Approximately 30.3 million – or 9.4 percent – of Americans have diabetes. In Michigan, it’s estimated that 1 in 10 people have a form of diabetes.
The University of Michigan offers services and programs to help faculty, staff and community members who are living with or are at risk of developing diabetes.
U-M Division of Metabolism, Endocrinology & Diabetes (MEND) Outpatient Diabetes Education
- Diabetes 101: Taking Charge Patient Handbook – This 56-page educational handbook for patients with diabetes covers topics like meal planning, carbohydrate counting, monitoring blood sugar, exercise, medications, stress management, how to manage sick days, and much more. Written by certified diabetes educators, registered dietitians, physicians, and MEND staff.
- Diabetes Education Classes – Recognized by the American Diabetes Association, these classes are certified by the Michigan Department of Community Health.
- Free Support Groups – Many have found it helpful to attend a support group, where they can meet others who share their experiences. Gain support and understanding, trade tips and ideas, improve your diabetes self-care, and focus on issues that are important to you.
U-M Health Plans
Talk to your doctor about a referral to a diabetes self-management class, which may be covered by insurance.
Prediabetes Information and Resources
Higher than normal blood sugar, or “prediabetes,” affects up to one in three Americans – and many of them don’t know it. Prediabetes makes a person more likely to develop type 2 diabetes within 5 years, and raises the risk of other serious health problems like heart attack and stroke.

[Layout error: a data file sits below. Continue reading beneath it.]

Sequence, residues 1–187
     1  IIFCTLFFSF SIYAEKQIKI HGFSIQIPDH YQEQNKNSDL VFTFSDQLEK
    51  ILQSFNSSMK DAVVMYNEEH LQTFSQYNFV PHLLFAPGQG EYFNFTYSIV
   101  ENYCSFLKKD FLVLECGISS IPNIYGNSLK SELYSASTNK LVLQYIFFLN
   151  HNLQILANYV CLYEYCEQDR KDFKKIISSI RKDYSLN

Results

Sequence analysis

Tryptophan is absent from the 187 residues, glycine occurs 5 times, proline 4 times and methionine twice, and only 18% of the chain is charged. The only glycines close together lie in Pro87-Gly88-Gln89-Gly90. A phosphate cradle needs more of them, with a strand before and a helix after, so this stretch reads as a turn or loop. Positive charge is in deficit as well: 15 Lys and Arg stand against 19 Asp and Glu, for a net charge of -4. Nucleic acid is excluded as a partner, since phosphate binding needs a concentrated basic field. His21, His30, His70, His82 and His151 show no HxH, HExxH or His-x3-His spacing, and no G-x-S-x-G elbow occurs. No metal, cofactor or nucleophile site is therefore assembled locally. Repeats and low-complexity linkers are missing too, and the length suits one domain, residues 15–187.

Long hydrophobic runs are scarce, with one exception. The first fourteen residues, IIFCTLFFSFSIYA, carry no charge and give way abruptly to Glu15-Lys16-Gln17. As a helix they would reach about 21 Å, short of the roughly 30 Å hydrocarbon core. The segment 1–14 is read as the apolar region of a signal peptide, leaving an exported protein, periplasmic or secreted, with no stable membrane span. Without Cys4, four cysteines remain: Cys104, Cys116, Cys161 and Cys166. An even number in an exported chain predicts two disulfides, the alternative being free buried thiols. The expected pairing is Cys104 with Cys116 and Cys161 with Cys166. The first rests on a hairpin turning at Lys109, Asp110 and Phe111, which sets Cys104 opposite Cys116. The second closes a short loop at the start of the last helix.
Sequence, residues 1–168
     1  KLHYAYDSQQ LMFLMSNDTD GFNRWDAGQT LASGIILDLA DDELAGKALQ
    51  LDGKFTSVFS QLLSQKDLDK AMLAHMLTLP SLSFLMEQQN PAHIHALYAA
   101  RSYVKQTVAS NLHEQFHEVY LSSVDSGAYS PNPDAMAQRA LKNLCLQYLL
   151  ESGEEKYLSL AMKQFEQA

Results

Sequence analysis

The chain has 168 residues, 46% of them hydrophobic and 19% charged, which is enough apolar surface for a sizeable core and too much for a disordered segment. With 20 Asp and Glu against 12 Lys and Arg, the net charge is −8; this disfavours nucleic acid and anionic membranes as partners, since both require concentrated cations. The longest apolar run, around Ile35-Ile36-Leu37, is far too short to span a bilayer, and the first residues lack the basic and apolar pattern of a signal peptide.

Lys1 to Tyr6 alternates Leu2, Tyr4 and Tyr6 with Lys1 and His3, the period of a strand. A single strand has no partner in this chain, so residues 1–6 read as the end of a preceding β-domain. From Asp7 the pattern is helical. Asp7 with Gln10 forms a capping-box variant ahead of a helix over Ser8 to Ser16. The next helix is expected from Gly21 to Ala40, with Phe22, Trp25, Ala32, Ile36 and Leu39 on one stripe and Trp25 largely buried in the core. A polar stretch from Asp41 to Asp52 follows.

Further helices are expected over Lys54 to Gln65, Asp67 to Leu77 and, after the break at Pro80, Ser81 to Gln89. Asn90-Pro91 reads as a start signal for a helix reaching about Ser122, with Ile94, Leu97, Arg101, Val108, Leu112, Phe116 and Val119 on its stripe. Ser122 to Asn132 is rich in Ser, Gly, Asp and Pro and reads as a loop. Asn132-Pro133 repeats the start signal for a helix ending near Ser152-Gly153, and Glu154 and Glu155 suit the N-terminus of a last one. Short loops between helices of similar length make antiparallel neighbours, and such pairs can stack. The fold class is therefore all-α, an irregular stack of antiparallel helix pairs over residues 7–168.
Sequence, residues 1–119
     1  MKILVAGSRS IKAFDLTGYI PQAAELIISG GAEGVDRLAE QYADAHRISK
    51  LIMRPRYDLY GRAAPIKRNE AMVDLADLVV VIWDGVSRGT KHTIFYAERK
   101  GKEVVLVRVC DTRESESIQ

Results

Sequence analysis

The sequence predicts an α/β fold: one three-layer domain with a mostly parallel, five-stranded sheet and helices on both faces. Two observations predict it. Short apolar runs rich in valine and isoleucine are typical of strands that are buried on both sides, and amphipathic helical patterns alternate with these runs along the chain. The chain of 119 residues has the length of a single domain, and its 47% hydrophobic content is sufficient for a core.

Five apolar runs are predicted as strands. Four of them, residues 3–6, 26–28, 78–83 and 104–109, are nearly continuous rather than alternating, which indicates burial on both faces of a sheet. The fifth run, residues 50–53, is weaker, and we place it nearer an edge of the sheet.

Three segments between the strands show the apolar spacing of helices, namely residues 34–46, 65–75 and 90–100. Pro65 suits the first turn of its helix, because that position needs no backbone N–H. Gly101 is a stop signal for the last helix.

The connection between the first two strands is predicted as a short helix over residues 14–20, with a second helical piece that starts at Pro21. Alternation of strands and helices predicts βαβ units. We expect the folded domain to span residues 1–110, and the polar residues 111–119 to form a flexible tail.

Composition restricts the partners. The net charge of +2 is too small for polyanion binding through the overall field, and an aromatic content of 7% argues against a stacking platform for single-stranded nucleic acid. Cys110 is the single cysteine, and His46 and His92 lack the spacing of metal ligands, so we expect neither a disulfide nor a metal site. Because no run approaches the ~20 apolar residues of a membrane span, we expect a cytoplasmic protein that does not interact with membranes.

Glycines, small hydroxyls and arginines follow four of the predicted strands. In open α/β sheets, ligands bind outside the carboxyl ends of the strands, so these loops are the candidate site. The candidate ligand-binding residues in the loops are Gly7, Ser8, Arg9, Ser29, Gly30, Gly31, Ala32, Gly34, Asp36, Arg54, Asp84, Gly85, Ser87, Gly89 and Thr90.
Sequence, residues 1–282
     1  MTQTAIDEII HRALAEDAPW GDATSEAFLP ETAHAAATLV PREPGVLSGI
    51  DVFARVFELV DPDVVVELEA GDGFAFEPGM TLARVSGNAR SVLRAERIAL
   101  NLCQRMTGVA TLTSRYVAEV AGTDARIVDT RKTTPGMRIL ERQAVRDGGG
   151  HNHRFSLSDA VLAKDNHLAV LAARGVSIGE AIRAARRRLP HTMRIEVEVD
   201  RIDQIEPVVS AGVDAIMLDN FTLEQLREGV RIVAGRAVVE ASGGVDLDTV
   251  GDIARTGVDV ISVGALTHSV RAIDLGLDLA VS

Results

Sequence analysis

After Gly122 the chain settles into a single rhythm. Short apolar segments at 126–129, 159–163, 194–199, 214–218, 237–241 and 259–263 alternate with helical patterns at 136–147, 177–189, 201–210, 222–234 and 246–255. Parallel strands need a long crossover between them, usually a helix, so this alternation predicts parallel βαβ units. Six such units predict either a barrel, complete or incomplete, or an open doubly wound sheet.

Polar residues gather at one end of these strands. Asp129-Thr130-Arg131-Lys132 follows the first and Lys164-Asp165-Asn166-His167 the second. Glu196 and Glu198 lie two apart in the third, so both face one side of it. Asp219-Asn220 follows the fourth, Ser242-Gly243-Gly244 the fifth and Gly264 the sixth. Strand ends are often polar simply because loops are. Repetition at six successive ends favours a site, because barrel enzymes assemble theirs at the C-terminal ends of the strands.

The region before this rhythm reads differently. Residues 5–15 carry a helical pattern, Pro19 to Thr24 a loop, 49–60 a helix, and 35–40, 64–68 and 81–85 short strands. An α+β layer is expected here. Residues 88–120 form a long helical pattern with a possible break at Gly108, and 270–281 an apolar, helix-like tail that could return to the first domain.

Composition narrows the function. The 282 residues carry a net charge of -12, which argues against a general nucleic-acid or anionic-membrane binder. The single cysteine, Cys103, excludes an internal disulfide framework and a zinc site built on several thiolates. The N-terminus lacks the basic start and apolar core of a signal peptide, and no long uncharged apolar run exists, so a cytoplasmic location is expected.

The good news is that in many cases diabetes and other health problems can be delayed or prevented through modest lifestyle changes like eating a healthier diet and increasing physical activity.
1. Take a short quiz about your risk factors.
To see if you are at risk for prediabetes, take this short quiz about your risk factors for prediabetes. Or watch this one-minute video that walks you through the quiz.
(Video sponsored by the American Diabetes Association, American Heart Association, American Medical Association, Centers for Disease Control and Prevention (CDC) in partnership with the AdCouncil. Visit doihaveprediabetes.org for more information.)
2. Talk to your doctor about prediabetes.
If you score 5 or higher on the quiz, talk to your doctor about getting an A1C blood sugar test to check for prediabetes. An A1C test result between 5.7 and 6.4 percent indicates prediabetes. (For more information about prediabetes and diabetes, you may want to check out the CDC's "Your Health WIth Joan Lunden" video series.)
3. Make modest lifestyle changes.
If A1C testing shows that you do have prediabetes, making lifestyle changes can reduce health risks. MHealthy offers a wide range of programs to employees and spouses/OQAs to support healthy lifestyle changes around weight management, healthy eating and physical activity.
Diabetes Prevention Program (DPP)
A pilot Diabetes Prevention Program, a nationally-recognized lifestyle change program developed by the CDC, was recently offered to Premier Care members. The Benefits Office is currently evaluating the results to determine future DPP coverage parameters.
Information on community-based Diabetes Prevention Programs is available on the Centers for Disease Control and Prevention website. Cost for these programs varies.